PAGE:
‘Nightfall with Edgar Allan Poe’ at Molotov Theatre Group


Nightfall with Edgar Allan Poe is an adaptation of four of Poe’s better known tales of horror: The Raven, The Fall of the House of Usher, The Pit and the Pendulum, and The Tell-Tale Heart. Playwright Eric Coble has framed these literature-in-performance adaptations around the metaphorical conceit of Poe himself locked in a sanatorium trying to convince his doctor that he is not insane.

Such a script is perfect for the Molotov Theatre Group, which specializes in the preservation of the Grand Guignol French Theater of Horror. Not only is Poe and his aesthetics more beloved in France than they are in his native America, but Poe’s Halloween of horror is more beloved in America than anywhere else in the world. Hence, Molotov’s production draws on the best of both worlds.molotov 1

Their production of Nightfall starts with a Raven that’s a little jittery on its feet, but soon finds its terror-face as Usher descends into madness and Edgar flees into the night. Then, after the two men in the bottomless pit escape the pendulum swinging mercilessly above their heads, the old man and his evil eye beats our hearts to a frenzy.

For a fun, terror-stricken evening in the theatre, Molotov’s Nightfall will certainly leave you scurrying for a nightcap.

Elliott Kashner plays the renowned author with his even more legendary bouts of depression, alcoholism, and flirtations with madness. To be sure, the stylized Grand Guignol approach to theatre helps the somewhat tongue-in-cheek tone of the evening. You’ll find no theatre of illusion or realism here. Even so, as Kashner’s Poe hangs over the pit, certain that he is about to fall eternally to his doom, you’ll believe his racing pulse.

A supporting ensemble of five play a variety of characters and lend the evening that rough-theatre approach that can be so effective in DCAC’s small intimate space.

Matthew Marcus tackles the bewildered Edgar in Usher. He gives the character a wonderfully appropriate confusion, and when it comes time “to get the hell out of there,” we couldn’t understand more his flight.

Jen Bevan and Elliot . Photo by Photo by Kristin Jackman.
Jen Bevan and Elliot Kashner. Photo by 
 Kristin Jackman.

Adam R. Adkins plays the aloof Roderick Usher. His spooky charm and excellent mad laugh deserves kudos. Adkins also has the tongue-in-cheek style of performance down pat.

Stacy Whittle plays Madeline Usher, more an apparition than a character. When she comes on stage as the rat-lady, however, and proceeds to terrorize the two men with strangely seductive Freudian rat-hands, she steals the show.

Yoni Gray gives life to Sante of The Pit and the Pendulum, Poe’s fellow condemned prisoner. His Sante’s squiggling body really captured the essence of being tied-to-a-wall while rats crawl over it with their little feet on tip-toe.

Finally, we have Jen Bevan as the lost Lenore, “the rare and radiant maiden whom the angels named Lenore.” She captures that character’s silent, haunting beauty, but it is really her portrayal of the old man that took by heart away. Staring at the seemingly petite Bevan in full latex head mask looking so much like a miniature grumpy old man, I thought I was looking at that evil evil eye.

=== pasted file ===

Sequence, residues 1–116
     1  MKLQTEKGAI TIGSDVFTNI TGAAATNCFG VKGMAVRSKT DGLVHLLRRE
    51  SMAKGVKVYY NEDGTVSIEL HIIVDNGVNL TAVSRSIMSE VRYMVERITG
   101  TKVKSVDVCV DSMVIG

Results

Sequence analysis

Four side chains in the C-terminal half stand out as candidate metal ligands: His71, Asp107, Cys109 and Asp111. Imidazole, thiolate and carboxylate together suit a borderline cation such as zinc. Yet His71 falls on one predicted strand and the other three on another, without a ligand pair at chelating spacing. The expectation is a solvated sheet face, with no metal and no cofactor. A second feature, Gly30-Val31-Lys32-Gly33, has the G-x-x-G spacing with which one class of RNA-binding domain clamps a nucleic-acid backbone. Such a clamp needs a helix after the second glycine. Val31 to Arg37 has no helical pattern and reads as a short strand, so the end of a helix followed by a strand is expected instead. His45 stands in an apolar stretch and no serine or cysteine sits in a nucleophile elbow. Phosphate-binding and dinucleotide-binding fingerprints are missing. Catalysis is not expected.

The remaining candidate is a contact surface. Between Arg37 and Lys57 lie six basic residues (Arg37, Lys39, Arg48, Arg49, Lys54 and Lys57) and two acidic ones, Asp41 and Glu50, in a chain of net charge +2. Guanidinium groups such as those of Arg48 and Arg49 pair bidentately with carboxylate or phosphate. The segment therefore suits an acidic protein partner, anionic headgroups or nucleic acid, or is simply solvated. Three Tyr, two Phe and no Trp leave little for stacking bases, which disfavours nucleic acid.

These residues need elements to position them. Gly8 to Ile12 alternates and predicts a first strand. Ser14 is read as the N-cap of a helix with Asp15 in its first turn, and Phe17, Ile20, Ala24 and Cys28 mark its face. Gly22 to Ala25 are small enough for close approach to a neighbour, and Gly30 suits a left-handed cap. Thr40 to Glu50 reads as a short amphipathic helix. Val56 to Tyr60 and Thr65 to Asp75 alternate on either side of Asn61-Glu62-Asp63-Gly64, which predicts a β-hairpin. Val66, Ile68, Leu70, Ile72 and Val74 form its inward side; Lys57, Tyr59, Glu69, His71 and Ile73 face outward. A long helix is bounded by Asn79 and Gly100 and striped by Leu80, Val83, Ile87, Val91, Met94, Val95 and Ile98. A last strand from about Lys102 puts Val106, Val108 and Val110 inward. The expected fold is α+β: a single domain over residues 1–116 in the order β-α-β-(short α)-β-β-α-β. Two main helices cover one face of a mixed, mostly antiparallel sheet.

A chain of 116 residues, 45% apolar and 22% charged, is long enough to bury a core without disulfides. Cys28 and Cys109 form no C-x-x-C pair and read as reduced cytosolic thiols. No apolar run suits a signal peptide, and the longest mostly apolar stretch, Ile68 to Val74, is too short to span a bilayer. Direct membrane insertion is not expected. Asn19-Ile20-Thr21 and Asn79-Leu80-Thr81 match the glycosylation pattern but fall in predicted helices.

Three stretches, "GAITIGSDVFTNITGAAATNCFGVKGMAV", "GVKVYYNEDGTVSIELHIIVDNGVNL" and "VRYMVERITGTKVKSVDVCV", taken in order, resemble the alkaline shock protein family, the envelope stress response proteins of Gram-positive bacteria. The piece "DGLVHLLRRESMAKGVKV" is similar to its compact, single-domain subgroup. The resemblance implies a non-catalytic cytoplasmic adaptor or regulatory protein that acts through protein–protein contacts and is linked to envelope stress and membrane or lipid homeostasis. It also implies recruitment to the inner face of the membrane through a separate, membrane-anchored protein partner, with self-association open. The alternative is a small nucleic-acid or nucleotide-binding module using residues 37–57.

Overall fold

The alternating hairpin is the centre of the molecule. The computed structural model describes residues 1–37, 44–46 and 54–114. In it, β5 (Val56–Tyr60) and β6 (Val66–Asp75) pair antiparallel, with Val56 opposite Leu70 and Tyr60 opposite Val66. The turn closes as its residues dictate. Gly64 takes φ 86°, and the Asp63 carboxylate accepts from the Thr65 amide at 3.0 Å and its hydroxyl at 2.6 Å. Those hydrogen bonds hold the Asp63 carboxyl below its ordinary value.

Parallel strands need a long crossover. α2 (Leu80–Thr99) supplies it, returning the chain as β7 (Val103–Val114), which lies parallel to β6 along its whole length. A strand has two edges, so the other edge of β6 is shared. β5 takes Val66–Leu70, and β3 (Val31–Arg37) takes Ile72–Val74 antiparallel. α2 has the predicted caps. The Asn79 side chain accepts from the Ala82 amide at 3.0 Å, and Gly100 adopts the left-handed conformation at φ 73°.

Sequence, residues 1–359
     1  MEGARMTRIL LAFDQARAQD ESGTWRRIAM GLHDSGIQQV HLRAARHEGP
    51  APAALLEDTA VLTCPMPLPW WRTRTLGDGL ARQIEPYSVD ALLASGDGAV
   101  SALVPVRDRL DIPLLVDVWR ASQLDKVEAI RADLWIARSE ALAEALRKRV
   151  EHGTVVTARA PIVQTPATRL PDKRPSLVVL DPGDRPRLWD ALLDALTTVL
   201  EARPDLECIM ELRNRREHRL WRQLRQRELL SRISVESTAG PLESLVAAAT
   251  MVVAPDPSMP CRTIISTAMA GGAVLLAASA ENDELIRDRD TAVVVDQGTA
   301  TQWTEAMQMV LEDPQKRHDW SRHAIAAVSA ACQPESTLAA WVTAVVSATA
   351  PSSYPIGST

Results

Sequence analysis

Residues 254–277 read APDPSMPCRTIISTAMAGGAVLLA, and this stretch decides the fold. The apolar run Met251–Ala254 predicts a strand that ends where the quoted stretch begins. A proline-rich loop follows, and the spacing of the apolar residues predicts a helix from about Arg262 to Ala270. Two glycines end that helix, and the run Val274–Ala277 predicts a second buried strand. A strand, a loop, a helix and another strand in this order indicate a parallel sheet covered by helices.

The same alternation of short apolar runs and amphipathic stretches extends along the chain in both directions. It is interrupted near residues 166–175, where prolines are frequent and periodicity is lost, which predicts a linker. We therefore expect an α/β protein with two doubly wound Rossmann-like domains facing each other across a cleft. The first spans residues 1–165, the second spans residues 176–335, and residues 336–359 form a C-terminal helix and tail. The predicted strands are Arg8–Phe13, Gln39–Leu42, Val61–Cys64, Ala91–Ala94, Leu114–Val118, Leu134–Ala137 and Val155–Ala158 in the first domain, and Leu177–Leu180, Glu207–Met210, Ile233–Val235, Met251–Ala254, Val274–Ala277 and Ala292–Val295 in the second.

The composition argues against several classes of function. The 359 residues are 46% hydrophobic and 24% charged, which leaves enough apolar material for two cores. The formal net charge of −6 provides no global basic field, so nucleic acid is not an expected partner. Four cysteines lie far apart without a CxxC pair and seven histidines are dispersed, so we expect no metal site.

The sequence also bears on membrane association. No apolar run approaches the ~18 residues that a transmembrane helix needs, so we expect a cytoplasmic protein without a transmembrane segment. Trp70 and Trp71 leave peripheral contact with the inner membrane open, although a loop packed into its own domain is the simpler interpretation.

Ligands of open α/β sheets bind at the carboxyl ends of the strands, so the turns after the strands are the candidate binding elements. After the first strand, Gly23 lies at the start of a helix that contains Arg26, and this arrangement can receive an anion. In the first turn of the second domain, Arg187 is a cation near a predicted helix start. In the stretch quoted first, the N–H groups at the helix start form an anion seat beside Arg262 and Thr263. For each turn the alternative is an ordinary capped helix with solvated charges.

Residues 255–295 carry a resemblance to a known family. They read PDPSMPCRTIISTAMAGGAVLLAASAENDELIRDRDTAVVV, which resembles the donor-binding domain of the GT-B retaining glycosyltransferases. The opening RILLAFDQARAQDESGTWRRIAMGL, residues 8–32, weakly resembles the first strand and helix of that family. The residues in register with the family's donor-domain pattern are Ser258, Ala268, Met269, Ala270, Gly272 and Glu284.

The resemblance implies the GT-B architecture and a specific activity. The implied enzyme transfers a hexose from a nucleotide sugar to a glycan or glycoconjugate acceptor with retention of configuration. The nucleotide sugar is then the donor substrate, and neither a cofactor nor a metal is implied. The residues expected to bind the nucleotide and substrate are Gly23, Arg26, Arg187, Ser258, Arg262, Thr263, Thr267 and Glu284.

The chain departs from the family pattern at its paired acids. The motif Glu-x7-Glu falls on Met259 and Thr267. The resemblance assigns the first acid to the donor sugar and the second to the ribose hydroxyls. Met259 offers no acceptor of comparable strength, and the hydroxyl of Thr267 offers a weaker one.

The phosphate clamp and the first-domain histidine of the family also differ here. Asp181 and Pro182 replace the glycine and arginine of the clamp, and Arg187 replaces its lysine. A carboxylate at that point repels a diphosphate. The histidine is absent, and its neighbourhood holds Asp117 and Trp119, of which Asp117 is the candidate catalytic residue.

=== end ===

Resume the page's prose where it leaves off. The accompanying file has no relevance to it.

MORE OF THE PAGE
Mark Kamie directs Nightfall, and aside from a little too sing-songy Raven at the play’s beginning, does a great job keeping the action moving and the horror acute. He adds enough stylistic flourishes to keep the play visually entertaining.

The rest of the design team also does a fine job. Brian McDermott has a delightfully flexible set that allows for rapid scene changes.  Jen Bevan’s costumes are so 19th century. And Pete Vargo’s lights keep the action spooky yet the actor’s lit while Gregory (Thomas Woolford Martin) adds good sound and music.

And whoever made the Raven’s head did a fantastic job.

Nightfall with Edgar Allan Poe might have a cliqued premise: Am I mad? Do you really think so? And the production definitely doesn’t shine any light on an answer about insanity or the aesthetics of the supernatural, but for an entertaining, stylized scary evening with one of America’s great writers, Nightfall delivers.

Running Time: 80 minutes, without an intermission.


Nightfall with Edgar Allan Poe plays Thursday through Sunday until December 7, 2014 (with no performances Thanksgiving week), at the DC Arts Center – 2438 18th Street, NW, in Adams Morgan, in Washington, DC. Tickets can be purchased online.


Molotov’s “Nightfall” Picks Up Where “Normal” Left Off – And Then Some by Alex Zavistovich.

‘Playing Poe: The Man, the Mustache By Elliott Kashner.

‘Playing Poe: The Man, the Mustache’ By Elliott Kashner‘Nightfall: Inside the Minds of Madmen – And Molotov’ By Mark Kamie.


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Robert Michael Oliver
Robert Michael Oliver, Ph.D., considers himself a Creativist. He has been involved in education and the performing arts in the Washington area since the 1980s. He, along with his wife, Elizabeth Bruce, and Jill Navarre, co-founded The Sanctuary Theatre in 1983. Since those fierce days in Columbia Heights, he has earned his doctorate in theater and performance studies from the University of Maryland, raised two wonderful children, and seen more theater over the five years he worked as a reviewer than he saw in the previous 30. He now co-directs the Sanctuary's Performing Knowledge Project. He has his first book of poetry, The Dark Diary: in 27 refracted moments, due for publication by Finishing Line Press later this year.


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